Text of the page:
On one of my parents’ very rare visits to New Orleans when I lived there (she had to drag him), I took her for a spin on my motorcycle. He wouldn’t get on it. Not long after getting my private pilot’s license, I flew a small plane to an airport near the Georgia farm where they lived at the time. My mother would have gone up for a spin in that too, but he almost had a heart attack at the very thought of it, so she stayed on the ground.

      Like

      1. Ohhh – yes I read it wrong …

        So given your comments “It is part of therapeutic gospel that our childhoods play a large role in what we become” — shall we hear about your sister in a future post? Assuming your theory holds for her as well.

        Like

        1. Ms. Mommy: I have no doubt that my theory holds true for everyone. Most are just not aware of it.

          There will be no post about my sister. She makes me look like a picture of normality. She is 71, was married once briefly in her 20s, then divorced the guy (nice guy too), has a couple of degrees, works as a therapist (an occupation filled with strange people), declared she was gay in her 40s (I say declared because I’m not completely convinced), has had a “partner” for about 25 years, also a divorcee (three or four kids), is a hard-to-pigeonhole political fanatic, was once one of Louis Farrakhan’s rare white admirers, belongs to a murky organization called Social Therapy, based in New York, which many, including me, label a cult (Google Social Therapy), and now lives and works in Atlanta, wondering how to unload the two pieces of real estate our mother left her in 2009, while her “partner” has been in a small town in Northern California for 8-10 years so she can be near her grandkids who clearly rate higher than my sister. My sister’s goal is to unload the real estate and move (return, actually) to America’s hotbed of radicalism, Oakland, California. She fits right in there. I am not making any of this up.

          So there’s the post about my sister. She has an explosive personality to boot. Best avoided.

          Like

  2. Oh my god. I have two sisters who have been in therapy for countless numbers of years. Now I know why. I have long thought that the therapists were more screwed up than their patients, but you just confirmed that for me.

    Sisters – I’m with you, let’s not go there.

    Like

    1. Connie: In defense of therapists, oddball as many are, few would be in the same league as my sister who likely occupies her own separate category. Let us not paint too broad a brush.

      But I’m not a fan of therapy. I don’t believe talk therapy is useful over the long haul. It can solve some short-term difficulties, I believe.

      Severe problems are buried so deeply within us that only nuclear-like blasts can bring them to light. Mind-altering drugs can work well for some people. Did for me. I recommend it in a controlled environment.

      Like

  3. No Ozzie and Harriet childhood here, that’s for sure. You are right about not putting all therapists in the same league. I have just seen for myself all of the years of therapy that my two sisters have endured and they are no closer to being “cured, healed, better off or anything else. When does it end? Sorry, I am off topic.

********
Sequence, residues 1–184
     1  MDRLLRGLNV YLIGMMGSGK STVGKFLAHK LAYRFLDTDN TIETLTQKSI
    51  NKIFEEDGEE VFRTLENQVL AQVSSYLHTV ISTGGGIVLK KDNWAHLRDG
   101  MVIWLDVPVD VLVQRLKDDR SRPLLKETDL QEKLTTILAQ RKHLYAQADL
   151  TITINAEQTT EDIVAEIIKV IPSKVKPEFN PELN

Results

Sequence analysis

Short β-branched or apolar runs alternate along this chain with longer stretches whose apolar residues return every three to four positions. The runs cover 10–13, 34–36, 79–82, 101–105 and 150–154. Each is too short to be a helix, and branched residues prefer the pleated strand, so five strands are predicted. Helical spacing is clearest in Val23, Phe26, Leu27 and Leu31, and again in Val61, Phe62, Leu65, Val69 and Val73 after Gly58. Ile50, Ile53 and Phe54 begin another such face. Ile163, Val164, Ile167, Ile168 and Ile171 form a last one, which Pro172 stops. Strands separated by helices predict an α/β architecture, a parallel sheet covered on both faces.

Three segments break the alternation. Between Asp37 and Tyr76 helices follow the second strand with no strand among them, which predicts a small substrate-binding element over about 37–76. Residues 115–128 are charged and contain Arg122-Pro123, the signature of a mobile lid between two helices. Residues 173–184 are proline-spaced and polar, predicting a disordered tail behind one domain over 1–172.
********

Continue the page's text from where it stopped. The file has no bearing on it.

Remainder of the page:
Like

    1. Connie: You did not wander off topic. Any talk or my father, or anyone in my family, including me, means that therapy or psychiatric assistance of any sort is appropriate.

      Like

    1. Connie: By controlled environment, I mean with someone experienced in those matters. I used a psychologist.

      Two good books:

      Through the Gateway of the Heart, compiled by Sophia Adamson.

      The Secret Chief by Myron J. Stolaroff.

      The latter is published by the Multidisciplinary Association for Psychedelic Studies.

      http://tinyurl.com/8pu3nvh

      Had my father known of such things, perhaps he would not have died sad, which he did.

      Like

  4. Thank you. I will order this book. I remember you writing about your experience. I believe you said you smoked or did whatever you do with mushrooms. Would LSD be in this category? Is LSD the same as acid? I do not really know much about these drugs or how they affect the brain. Maybe I should go back and try to find your post about this because I really am curious about the benefits. My sisters have documented mental illness and I wonder if a therapy like this would help them.

    Like

    1. Connie: With a wonderful psychologist’s help in 1997, I downed psilocybin (mushrooms) twice and LSD once. Absolutely changed my entire life 1,000 percent. I had never done any of that type of thing back in the 1960s when it was so popular. I was busy with other endeavors.

      Yes, acid is just a nickname for LSD.

      The post I wrote on that is offline now. You won’t find it. Wouldn’t really mean anything if you did.

      These materials have improved mental illness for some. But you have to be very, very careful with it, which is why I say a controlled environment is best. Most people use those materials as recreation. I doubt they get much useful out of it over the long haul. Maybe some do.

      I am a true believer from personal experience.

      Like

  5. If you do not mind sharing, what exactly did it do for you? What did it change about you or your life that made it so beneficial for you?

    I never have used any of those drugs either. However, my older son did share with me that he did use acid once and it was a very positive experience for him. I do not recall exactly what he said, but it seems he said that it gave him A LOT of clarity. (I seem to use that word A LOT).

    Like

Comments are closed.